The NASRDA Act recognizes this importance, stating in Section 6(e) that the function of the Agency includes the implementation of “strategies for promoting private sector participation in the space industry.” The Act subsequently provides a platform for the private operations in Section 9 of the Act, which refers to the Agency’s power to grant licenses to body corporates regarding issues in Section 6(k); that is, the Agency’s function to “be the repository of all satellite data over Nigeria’s territory and accordingly, all collaborations and consultation in space data related matters in Nigeria.” The mention of “Satellite Data” clarifies that the licenses granted are regarding satellite remote sensing operations.
In furtherance of the platform for private sector participation, Section 9 discloses further that the Agency shall not grant such license unless it is satisfied that the activities of the licensee will not jeopardize public health, and the safety of persons or properties, is consistent with the international obligations of Nigeria; and shall not impair the national security of Nigeria. Other provisions for the grant of a license include, among others, requirements to prevent contamination of outer space or interference with the space activities of others, to dispose of a payload after the termination of operations, or to insure against third-party liability. Finally, the NASRDA Act provides for [the] obligation of the Agency to “maintain a register of Space Objects,” which shall include “particulars of such space objects as the Agency considers appropriate to comply with the international obligations of the Federal Republic of Nigeria.” However, as Frans Von Der Dunk puts it, “While the NASRDA Act thus established the basic competence of the Agency to issue licenses as well as the general framework for compliance with the major international obligations of Nigeria pursuant to, in particular, the Outer Space Treaty, the Liability Convention, and the Registration Convention, it still left more detailed questions in this regard unanswered.”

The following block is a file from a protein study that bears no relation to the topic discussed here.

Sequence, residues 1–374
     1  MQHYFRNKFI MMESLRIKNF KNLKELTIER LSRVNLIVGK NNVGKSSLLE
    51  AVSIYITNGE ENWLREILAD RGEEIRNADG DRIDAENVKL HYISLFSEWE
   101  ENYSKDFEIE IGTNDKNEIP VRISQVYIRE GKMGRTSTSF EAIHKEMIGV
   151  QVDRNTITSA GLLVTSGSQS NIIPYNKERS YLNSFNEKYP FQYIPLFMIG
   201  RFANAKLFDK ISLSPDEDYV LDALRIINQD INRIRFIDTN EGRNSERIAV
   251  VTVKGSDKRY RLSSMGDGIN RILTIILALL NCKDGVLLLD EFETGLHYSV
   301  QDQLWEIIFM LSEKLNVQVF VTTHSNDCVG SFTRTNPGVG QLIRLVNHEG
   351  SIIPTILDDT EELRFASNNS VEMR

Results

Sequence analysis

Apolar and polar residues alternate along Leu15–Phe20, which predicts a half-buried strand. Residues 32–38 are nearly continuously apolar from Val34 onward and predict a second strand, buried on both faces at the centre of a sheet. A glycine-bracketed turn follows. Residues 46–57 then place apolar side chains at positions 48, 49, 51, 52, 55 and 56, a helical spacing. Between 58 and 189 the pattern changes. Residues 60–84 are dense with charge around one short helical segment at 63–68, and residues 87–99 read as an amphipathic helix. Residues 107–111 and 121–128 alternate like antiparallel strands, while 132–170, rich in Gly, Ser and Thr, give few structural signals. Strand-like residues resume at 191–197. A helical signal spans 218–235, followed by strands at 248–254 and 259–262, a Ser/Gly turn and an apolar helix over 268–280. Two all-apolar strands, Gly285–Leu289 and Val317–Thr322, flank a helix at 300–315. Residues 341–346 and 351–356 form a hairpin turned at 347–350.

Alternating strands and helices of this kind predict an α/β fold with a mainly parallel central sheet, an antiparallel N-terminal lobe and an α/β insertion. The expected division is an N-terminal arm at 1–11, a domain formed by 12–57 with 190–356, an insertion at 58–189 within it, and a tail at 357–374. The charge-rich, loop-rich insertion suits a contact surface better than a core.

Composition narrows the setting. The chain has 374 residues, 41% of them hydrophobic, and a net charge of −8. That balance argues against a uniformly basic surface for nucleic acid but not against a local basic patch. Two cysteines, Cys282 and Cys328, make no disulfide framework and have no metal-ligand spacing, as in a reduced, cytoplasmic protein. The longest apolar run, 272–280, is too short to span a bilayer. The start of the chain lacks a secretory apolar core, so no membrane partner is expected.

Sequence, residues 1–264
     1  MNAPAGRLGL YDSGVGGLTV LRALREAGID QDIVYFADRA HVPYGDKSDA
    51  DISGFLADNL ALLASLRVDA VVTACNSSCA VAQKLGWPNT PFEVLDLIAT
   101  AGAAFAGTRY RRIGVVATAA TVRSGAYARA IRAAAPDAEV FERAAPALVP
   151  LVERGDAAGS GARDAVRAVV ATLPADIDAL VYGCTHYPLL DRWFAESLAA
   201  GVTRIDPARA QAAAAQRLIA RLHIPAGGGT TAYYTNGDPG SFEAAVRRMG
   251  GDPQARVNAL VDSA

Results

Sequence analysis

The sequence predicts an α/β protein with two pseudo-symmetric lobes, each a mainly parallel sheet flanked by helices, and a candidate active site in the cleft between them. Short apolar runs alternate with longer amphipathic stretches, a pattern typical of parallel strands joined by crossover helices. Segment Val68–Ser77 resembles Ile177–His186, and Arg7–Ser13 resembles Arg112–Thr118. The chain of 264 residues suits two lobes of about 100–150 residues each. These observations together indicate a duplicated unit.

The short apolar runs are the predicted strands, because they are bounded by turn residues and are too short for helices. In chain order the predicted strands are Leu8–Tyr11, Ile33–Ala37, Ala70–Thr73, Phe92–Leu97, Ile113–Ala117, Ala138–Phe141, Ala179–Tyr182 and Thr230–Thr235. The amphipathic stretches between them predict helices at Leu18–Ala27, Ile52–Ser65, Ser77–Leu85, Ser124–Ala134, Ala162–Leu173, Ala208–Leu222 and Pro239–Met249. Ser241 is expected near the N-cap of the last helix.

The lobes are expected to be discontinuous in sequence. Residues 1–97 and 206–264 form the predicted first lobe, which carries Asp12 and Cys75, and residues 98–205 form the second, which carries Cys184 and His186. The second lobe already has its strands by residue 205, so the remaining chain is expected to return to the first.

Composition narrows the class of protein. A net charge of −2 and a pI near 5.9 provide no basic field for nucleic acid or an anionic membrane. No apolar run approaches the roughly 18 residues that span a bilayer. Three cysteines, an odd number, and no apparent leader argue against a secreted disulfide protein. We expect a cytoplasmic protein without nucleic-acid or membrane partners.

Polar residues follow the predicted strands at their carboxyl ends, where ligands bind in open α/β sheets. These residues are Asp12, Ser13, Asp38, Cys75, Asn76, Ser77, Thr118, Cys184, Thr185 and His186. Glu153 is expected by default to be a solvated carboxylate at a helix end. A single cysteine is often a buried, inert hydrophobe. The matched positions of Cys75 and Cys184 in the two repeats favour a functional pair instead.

One of the holes left unplugged in the NASRDA Act is that it only makes provision (albeit generally) regarding private participation and not private partnership. It could be argued that paragraphs (e) [development and implementation of strategies for promoting private sector participation in the space industry] and (m) [undertaking of such activities as are necessary or expedient for the carrying out of the functions of the Agency and promotion of space science and technology in Nigeria] of Section 6 of the Act provide an omnibus outlet for any future public-private partnership. However, it is submitted that these provisions are too vague to ensure efficient partnerships, if at all.
Exemplarily, one of the legal reasons for NASA’s partnership success is the following provision in NASA 1958 Act: “In the performance of its functions, the Administration is authorized … to enter into and perform such contracts, leases, cooperative agreements, or other transactions as may be necessary in the conduct of its work and on such terms as it may deem appropriate, with any agency or instrumentality of the United States, or with any State, territory, or possession, or with any political subdivision thereof, or with any person, firm, association, corporation, or educational institution.” This type of agreement is referred to as a Space Act Agreement (SAA). They uniquely empower NASA to work with any entity, public or private, that enables fulfilment of the Administration’s mandate. SAAs are fundamental to NASA’s ability to tap into the vast benefits of a private partnership. They are instrumental to NASA’s successful partnership with private entities as they enable NASA to enter into concrete agreements with any such entity it wishes to partner with. This specificity ensures optimal results.